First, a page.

Early Palliative Care Decreased Healthcare Use at End of Life

August 23, 2017

Participating in a palliative care consultation significantly decreased healthcare use of Medicare beneficiaries with advanced cancer at the end of life.

Participating in a palliative care consultation significantly decreased healthcare use of Medicare beneficiaries with advanced cancer at the end of life, according to the results of a study published in the Journal of Oncology Practice.

“In this representative sample of Medicare patients with advanced cancer, we found patients who received palliative care experienced significantly less aggressive care, lower rates of hospitalization, increased use of hospice, and fewer invasive procedures near the end of life,” wrote Daniel P. Triplett, of the Moores Cancer Center at the University of California San Diego, and colleagues. “Given the increasing number of elderly patients with advanced cancer, the findings in this study emphasize the important role palliative care plays in global public health.”

The incorporation of palliative care in oncology has increased in the last decade, but there were few data on whether its use affected the aggressiveness of care at the end of life. This study looked at palliative care use at the end of life among 6,580 Medicare beneficiaries. Participants had either advanced prostate, breast, lung, or colorectal cancer. The researchers looked at health care utilization before and after palliative care consultation.

For the 30 days prior to palliative care consultation, the patients who received palliative care had increased use of many healthcare services, including higher rates of hospitalization (risk ratio [RR], 3.33), invasive procedures (RR, 1.75), and chemotherapy administration (RR, 1.61).

However, after receiving a palliative care consultation, healthcare utilization was significantly lower in these patients. Having received palliative care resulted in lower rates of hospitalization (RR, 0.53), invasive procedures (RR, 0.52), and chemotherapy administration (RR, 0.46). In addition, patients who received palliative care were 24% more likely to enroll in hospice.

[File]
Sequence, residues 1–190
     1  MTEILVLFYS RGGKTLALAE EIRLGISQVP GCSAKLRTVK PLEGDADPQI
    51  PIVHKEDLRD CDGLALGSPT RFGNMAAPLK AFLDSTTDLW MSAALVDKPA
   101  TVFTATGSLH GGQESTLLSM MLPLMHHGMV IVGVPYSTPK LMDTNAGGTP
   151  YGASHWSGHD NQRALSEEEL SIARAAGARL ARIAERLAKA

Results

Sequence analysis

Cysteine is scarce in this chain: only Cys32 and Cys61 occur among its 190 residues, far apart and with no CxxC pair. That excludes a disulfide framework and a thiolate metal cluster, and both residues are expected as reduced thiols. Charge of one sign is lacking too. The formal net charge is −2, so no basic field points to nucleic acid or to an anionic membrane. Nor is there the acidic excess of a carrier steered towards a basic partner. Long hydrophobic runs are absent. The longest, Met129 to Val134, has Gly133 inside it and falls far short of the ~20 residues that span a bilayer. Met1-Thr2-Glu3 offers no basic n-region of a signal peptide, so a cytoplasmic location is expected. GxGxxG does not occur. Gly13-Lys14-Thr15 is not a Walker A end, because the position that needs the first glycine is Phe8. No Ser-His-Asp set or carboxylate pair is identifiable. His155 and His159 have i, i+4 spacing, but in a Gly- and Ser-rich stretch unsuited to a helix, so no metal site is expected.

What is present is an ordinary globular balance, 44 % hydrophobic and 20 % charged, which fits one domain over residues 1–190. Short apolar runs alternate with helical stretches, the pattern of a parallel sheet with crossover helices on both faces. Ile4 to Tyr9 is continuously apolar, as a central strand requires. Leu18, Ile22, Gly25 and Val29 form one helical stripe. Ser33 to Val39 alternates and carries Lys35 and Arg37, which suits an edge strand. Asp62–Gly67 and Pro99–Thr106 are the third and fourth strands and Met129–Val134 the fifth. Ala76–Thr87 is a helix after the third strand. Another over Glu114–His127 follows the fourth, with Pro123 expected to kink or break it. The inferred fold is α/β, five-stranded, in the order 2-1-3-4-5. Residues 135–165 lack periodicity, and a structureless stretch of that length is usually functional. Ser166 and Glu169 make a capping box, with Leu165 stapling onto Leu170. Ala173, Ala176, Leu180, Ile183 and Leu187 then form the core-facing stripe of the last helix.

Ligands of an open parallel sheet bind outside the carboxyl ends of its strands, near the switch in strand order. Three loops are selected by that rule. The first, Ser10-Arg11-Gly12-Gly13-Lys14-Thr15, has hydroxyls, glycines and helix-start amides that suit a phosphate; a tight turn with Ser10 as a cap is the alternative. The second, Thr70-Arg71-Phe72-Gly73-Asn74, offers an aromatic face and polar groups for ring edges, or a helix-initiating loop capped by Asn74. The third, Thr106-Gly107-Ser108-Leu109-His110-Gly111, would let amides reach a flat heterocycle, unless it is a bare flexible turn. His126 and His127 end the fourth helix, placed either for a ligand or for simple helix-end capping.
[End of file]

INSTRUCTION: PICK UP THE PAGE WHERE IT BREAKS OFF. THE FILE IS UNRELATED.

“Essentially, we found palliative care represents an inflection point in patient care, with higher use of healthcare services before palliative care consultation and lower use after,” the researchers wrote.

Receipt of palliative care consultation earlier in the course of the disease yielded a larger absolute reduction in healthcare use vs consultation closer to end of life.

“These findings are particularly relevant given the current emphasis of early palliative care integration alongside standard oncologic care in patients with advanced cancer,” the researchers wrote. “To date, multiple randomized trials have demonstrated the benefits of early palliative care, which include improved quality of life, improved mood, decreased aggressiveness of end-of-life care, improved survival, and improved patient and caregiver satisfaction.”

The researchers pointed out several potential weaknesses of the study, including the fact that it was not randomized and that they could not measure whether the palliative care consultation resulted from a pre-palliative care decision to de-escalate care.

“If patients make the decision to de-escalate care due to adverse effects, or if they exhaust all treatment options, they may seek palliative consultation, which means the decreased use may reflect a natural transition in care that did not come from the influence of the palliative care consultation itself,” the researchers wrote.